In spite of breaking her right hand in a fall recently, U.S. Supreme Court Justice Sonia Sotomayor went on a speaking tour in Oklahoma last week that included a rare private visit with Native American leaders.
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- Professor Examines Nixon, Hoover Role in Fortas' Fall
- Feds Ordered to Pay Costs in Landmark EPA Case
- NAACP LDF Hires Sidley Lawyer for Supreme Court Advocacy
- Feds Pledged No Negative Ratings in Settlement with Supreme Court Contractor
Orrick, Herrington & Sutcliffe has lured three U.S. Supreme Court clerks fresh out of the marble palace and two more veteran high court clerks to a swiftly growing Supreme Court and appellate practice.
John Paul Schnapper-Casteras remembers hearing talk at the dinner table about the U.S. Supreme Court when he was growing up in Seattle. Now 31, Schnapper-Casteras has taken on a position in Washington where the court will be a major part of his workday conversation.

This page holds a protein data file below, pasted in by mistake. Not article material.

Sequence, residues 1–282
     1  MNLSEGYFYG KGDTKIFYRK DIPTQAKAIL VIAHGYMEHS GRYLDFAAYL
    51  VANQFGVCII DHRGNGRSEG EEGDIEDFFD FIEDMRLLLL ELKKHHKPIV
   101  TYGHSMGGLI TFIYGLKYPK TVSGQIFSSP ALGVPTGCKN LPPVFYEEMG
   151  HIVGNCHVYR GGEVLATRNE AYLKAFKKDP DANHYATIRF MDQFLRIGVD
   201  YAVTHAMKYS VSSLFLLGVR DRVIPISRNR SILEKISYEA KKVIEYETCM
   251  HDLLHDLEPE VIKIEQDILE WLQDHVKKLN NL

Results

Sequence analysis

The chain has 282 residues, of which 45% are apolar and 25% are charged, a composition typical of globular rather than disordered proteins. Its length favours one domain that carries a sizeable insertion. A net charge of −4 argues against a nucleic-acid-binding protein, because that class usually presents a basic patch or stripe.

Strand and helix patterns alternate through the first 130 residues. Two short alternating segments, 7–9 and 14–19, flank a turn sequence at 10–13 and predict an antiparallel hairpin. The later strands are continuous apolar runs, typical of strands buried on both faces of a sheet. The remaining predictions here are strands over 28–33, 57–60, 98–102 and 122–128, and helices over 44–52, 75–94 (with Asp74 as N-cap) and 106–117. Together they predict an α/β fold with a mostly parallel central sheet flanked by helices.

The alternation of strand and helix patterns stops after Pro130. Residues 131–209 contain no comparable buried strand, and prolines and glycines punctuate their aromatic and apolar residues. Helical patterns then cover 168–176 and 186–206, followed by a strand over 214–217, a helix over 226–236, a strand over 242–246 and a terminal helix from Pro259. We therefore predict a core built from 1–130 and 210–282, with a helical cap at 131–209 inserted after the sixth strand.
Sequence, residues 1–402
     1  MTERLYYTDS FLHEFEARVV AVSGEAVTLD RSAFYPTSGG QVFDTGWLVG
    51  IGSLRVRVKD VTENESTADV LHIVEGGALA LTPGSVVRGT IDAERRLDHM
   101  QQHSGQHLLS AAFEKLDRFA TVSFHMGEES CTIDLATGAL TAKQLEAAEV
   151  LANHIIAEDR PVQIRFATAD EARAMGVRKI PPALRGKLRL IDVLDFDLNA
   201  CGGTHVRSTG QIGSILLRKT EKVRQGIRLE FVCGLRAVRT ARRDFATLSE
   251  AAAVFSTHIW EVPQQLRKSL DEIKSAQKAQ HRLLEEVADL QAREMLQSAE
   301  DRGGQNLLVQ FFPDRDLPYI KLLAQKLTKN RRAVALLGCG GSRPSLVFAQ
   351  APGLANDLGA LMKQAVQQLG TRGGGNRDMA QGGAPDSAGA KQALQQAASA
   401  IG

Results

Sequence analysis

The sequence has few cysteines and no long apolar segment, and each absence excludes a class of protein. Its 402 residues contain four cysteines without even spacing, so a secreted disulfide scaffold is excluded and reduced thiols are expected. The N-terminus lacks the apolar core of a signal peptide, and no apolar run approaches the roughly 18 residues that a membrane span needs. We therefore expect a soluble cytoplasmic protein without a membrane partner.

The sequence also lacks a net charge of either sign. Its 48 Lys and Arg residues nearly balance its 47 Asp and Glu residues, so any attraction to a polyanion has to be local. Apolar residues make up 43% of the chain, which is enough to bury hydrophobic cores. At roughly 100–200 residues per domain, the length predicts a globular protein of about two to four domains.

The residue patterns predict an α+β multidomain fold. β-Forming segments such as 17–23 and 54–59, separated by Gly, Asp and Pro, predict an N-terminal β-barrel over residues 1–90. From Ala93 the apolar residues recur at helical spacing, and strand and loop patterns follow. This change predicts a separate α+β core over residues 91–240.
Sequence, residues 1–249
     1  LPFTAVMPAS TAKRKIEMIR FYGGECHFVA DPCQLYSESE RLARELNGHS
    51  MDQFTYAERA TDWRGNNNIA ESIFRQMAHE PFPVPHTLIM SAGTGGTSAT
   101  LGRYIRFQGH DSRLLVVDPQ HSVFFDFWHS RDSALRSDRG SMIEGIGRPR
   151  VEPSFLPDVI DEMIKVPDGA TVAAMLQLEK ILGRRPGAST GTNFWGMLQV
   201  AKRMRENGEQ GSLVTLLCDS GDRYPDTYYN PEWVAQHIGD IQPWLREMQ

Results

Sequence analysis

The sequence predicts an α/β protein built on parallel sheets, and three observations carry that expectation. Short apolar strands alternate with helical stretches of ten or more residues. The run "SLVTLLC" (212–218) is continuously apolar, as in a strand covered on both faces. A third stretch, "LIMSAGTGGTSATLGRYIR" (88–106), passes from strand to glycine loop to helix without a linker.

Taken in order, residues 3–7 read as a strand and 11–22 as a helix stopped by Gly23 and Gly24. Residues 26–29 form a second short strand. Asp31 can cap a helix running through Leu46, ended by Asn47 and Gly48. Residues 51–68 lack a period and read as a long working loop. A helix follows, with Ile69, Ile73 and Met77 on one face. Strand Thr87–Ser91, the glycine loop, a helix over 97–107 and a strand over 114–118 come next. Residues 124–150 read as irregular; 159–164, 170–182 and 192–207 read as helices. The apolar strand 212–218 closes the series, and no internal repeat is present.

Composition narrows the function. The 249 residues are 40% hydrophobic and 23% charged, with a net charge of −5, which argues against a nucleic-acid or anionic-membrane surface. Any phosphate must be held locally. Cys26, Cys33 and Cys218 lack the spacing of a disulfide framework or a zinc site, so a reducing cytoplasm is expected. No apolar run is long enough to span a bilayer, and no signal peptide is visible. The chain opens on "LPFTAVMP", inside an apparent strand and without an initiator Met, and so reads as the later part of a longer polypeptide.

The playing field for private individuals seeking to enforce federal rights has tipped in favor of defendants primarily because of amendments to federal civil procedure rules and the ideology of U.S. Supreme Court justices interpreting them, according to a new study.
All told, the court received more than 800 amicus briefs in the 67 argued cases with signed opinions. That's 24,000 pages or 7.2 million words — "War and Peace" a dozen times over.
Debate continues over which side really won the landmark U.S. Supreme Court ruling on greenhouse gases issued on June 23. But court clerk Scott Harris has made his own judgment, of sorts; it was a half-win for each side.
Less than a month after the Supreme Court issued its much-debated Alice Corp. ruling on patent eligibility for abstract ideas, the decision is already making a mark on patent litigation and claims.
The justice's contribution to our constitutional discourse is hardly a futile effort; rather it is gift to our nation.
Some early (if unsolicited) advice to help the high court frame its thinking about what to look for when the briefs start rolling in.